NASA Emailed New Socket Wrench To ISS Astronauts

We have a winner for the most interesting email attachment of 2014! NASA recently provided the astronauts currently aboard the International Space Station (ISS) with a new tool via little more than a standard email. The attachment was actually instructions for a special 3D printer the astronauts have thanks to a delivery from a SpaceX Dragon capsule back in September. The printer is specially made to work in low gravity, and the emailed instructions included the design for a socket wrench that was specifically needed.

The 3D printer sent to the ISS was built by Californian company Made in Space, and NASA turned to them again to design the wrench after ISS commander Barry Wilmore made the request for the tool. What's more interesting is that the printer is designed to directly receive the emailed data, as well as be remotely controlled by NASA. So the astronauts don't need to do anything but wait for the printing to be complete and remove the item when it's finished.

As for whatever task the tool will be used for, there's little doubt that a metal wrench would be preferable to one made of plastic. But the advantages of time and cost thanks to the 3D printing make that option far more useful. If astronauts discover they need something during a mission that they don't already have, it would take months of mission planning to have a shipment delivered into space, not to mention the costs involved. Thanks to load of plastic filament that arrived with the printer, any number of objects can be created on the fly, and as Wilmore said, he got what he needed with almost no wait.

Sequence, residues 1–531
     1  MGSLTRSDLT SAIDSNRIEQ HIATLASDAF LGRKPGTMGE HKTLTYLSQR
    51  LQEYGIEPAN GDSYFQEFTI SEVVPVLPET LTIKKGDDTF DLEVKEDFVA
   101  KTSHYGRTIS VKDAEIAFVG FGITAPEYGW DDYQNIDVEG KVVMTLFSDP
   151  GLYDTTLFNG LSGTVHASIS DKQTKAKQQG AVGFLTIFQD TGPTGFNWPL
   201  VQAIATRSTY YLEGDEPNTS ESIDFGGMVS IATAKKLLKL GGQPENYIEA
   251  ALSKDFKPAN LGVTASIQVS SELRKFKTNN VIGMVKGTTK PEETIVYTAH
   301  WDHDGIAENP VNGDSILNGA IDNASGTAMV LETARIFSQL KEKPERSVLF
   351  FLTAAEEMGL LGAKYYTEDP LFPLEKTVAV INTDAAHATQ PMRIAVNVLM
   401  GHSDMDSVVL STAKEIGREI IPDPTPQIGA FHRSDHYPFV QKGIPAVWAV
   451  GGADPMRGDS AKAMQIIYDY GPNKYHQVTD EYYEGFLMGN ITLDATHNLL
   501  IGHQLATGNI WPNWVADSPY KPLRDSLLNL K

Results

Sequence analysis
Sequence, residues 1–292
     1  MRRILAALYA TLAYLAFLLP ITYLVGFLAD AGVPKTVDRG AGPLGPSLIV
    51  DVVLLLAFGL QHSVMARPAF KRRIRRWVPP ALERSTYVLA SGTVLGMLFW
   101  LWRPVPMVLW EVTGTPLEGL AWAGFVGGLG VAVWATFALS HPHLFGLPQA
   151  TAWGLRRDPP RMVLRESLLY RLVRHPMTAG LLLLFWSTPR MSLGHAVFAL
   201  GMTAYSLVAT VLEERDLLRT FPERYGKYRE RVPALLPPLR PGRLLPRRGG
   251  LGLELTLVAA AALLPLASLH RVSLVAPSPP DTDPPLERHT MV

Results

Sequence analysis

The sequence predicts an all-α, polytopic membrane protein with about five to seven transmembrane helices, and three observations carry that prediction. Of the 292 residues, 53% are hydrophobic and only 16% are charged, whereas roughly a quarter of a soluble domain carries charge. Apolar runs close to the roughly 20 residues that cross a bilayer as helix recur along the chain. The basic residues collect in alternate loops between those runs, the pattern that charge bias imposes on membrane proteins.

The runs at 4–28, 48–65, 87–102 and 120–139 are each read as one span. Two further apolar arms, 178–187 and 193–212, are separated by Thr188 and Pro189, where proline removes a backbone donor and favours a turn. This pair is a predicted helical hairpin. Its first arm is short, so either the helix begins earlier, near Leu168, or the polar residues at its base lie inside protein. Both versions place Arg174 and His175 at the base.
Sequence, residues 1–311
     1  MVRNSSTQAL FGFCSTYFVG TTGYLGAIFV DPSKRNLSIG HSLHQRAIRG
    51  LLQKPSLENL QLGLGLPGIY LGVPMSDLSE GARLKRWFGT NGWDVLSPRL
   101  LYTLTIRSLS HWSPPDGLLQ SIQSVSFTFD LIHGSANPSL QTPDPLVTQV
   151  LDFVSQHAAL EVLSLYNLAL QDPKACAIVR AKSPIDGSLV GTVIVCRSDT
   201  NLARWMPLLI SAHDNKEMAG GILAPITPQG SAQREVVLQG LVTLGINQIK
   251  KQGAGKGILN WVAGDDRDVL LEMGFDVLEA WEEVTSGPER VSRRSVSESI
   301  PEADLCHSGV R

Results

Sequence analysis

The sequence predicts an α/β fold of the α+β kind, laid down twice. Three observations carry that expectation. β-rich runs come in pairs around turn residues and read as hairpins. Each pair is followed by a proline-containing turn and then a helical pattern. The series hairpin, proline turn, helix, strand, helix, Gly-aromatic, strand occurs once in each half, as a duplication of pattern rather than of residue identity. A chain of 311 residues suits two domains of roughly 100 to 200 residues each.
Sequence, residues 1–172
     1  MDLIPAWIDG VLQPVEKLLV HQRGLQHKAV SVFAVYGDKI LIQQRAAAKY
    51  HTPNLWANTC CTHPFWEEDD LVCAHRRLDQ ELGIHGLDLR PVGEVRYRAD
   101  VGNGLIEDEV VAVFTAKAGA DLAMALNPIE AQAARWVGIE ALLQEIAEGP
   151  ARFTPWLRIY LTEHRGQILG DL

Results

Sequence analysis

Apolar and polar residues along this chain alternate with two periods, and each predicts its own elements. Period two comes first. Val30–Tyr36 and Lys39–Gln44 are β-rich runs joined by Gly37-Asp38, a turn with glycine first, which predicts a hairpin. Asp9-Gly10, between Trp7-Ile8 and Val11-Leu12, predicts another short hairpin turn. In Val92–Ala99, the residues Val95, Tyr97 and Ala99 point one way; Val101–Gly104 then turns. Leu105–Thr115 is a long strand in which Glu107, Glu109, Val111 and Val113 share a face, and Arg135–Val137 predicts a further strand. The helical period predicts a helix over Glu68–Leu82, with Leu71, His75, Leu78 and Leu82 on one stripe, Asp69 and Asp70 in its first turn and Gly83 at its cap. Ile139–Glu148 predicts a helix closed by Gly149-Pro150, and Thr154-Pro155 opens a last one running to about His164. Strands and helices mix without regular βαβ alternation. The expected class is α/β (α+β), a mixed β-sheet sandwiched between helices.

While the printer arrived and was set up in September, between now and then only a handful of test objects have been created, so this wrench marks the first useful, needed item to be successfully delivered and printed on the ISS. There is surely a lot more development with this method and technology to come, but it seems likely that NASA will soon begin to rely on on-site printing whenever it's possible.

VIA Geek.com

SOURCE ExtremeTech, Medium/Made in Space